Without looking at your book or notes, mentally visualize and sketch, in your own words, the high points of the material immediately upon completing the reading.
- This forces you to check understanding.
- This channels the material into a natural and usable form.
- This points up what you do not understand.
- This forces you to think.
Note: More time should be spent on recall than on reading.
Look at your questions, answers, notes and book to see how well you did recall. Observe carefully the points stated incorrectly or omitted. Fix carefully in mind the logical sequence of the entire idea, concepts, or problem. Finish up with a mental picture of the WHOLE.
Getting to Know Your Textbook
- Examine the title page:
- Who are the authors?
- What is their standing in their fields? (Perhaps you can ask your professor.)
- Do their training and background qualify them to write a book of this type?
- Who are the publishers?
- When was this textbook published? What does that tell you about the book?
- Examine the preface or introduction:
- Why is a preface written?
- What does it tell you about the book?
- Do the authors introduce any unusual features of your book in the preface and prepare you to be on the lookout for them?
- Examine the table of contents:
- What does the table of contents tell?
- How is this textbook organized? What main divisions has it?
- Compare the table of contents with that of another book in the same field. Do the two books cover the same topics? Are these the topics you expected to find covered in this text?
- Examine index, glossary, other material at the back of the book:
- How does the index differ from the table of contents? How does it resemble the table of contents?
- What sort of topics should be looked up in the index instead of the table of contents?
- What are cross references?
- Is there a glossary in your textbook? Can you use diacritical markings successfully to pronounce a word?
- Is there an appendix in your book? Why isn’t this information included in the body of the book? How would it have affected the organization?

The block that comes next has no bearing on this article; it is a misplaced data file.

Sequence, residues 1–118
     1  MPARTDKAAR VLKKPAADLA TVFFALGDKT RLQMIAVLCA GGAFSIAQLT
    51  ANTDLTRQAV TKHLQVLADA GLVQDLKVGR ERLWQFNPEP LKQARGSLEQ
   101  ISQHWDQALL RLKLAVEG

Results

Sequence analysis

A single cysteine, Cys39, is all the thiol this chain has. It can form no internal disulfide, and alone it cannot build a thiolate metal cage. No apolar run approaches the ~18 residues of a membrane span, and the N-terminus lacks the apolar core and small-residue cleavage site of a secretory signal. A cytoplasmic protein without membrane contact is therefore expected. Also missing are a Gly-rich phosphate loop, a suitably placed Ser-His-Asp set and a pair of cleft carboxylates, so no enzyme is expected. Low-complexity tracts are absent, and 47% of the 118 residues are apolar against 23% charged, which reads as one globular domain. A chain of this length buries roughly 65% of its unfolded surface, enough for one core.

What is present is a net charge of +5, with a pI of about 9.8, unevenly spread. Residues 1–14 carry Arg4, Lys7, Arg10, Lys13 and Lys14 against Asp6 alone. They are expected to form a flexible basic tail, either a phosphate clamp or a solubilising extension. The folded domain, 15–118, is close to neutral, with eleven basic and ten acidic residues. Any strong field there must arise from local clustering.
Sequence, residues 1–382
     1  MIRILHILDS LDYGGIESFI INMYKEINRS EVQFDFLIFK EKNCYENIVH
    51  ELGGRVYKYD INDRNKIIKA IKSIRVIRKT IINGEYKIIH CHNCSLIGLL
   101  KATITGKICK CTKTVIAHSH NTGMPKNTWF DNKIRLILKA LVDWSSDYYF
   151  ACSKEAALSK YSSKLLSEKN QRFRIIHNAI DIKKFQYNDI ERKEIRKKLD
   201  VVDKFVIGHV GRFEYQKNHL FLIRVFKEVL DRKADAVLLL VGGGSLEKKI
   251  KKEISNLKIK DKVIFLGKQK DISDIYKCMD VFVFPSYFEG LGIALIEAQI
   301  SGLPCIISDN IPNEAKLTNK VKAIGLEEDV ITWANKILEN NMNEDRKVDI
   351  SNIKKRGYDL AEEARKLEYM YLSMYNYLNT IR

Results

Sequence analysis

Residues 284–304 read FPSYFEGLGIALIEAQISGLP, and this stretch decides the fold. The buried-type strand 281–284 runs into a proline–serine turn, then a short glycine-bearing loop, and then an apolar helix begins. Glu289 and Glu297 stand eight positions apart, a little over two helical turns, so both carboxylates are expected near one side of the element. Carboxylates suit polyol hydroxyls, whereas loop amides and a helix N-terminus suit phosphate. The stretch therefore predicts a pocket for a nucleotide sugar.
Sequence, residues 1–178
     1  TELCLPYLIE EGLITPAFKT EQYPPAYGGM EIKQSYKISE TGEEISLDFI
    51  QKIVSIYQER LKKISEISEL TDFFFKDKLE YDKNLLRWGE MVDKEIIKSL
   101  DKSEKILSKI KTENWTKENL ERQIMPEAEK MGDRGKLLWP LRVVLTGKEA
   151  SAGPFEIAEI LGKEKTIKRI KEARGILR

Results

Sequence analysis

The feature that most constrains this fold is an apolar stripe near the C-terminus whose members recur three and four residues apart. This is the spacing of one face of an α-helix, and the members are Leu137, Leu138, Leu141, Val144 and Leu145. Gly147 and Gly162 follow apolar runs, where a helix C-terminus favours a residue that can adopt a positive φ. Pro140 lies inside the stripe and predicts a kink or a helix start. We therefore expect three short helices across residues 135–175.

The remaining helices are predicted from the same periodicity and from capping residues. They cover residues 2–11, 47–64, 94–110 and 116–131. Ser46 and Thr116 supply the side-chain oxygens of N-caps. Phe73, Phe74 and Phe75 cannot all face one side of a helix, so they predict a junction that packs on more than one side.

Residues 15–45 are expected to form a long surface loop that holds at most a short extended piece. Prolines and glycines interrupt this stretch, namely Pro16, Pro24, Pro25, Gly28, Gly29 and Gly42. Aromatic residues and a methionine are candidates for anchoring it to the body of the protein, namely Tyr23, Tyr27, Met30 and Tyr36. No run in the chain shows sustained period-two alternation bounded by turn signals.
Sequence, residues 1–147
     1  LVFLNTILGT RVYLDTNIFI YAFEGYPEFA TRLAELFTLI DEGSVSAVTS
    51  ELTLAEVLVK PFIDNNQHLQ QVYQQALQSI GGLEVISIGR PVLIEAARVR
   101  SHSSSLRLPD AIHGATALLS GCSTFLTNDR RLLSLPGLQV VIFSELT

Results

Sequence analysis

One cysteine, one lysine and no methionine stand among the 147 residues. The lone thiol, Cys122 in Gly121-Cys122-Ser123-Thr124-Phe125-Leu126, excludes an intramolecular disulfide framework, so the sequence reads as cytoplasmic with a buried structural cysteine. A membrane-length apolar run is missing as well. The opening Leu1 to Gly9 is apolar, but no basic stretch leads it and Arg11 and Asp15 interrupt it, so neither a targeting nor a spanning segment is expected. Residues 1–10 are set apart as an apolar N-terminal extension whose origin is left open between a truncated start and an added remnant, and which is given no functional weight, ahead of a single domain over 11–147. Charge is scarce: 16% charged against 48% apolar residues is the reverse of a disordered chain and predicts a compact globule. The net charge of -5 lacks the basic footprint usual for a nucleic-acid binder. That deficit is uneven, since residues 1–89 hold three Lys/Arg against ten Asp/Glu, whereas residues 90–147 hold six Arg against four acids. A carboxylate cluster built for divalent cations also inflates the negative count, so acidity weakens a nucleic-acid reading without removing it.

- What is the literal meaning of “index” according to the dictionary?
- Examine study questions, guides, and other helps:
- Does the text provide study aids to help in understanding the text?
- Are the study aids in the form of questions, exercises, or activities?
- If questions are used, do they simply require finding the answers or must you do some critical problem-type thinking to arrive at answers?
- Are there study aids both preceding and following a chapter? Which types of aids help you most?
- Does the text provide suggestions for other readings or materials designed to help you understand this chapter?
- Examine chapter headings, sectional headings, and margin guides:
- Look at the chapter heading and then the section headings that follow. Write them down and see if this gives an overview of the chapter.
- How do headings help in skimming a chapter for specific information?
- Do you find different kinds of type in your chapter? Does this help you understand the organization of your textbook better? How?
- Does the text provide help in identifying material to be found within each paragraph? Is the topic sentence indicated?
- Does the book use summaries? How do these help? What is the difference between giving the gist of a chapter and summarizing its contents?
- Examine maps, pictures, charts, diagrams, and tables:
- Which of these visual aids is used? Do you understand them?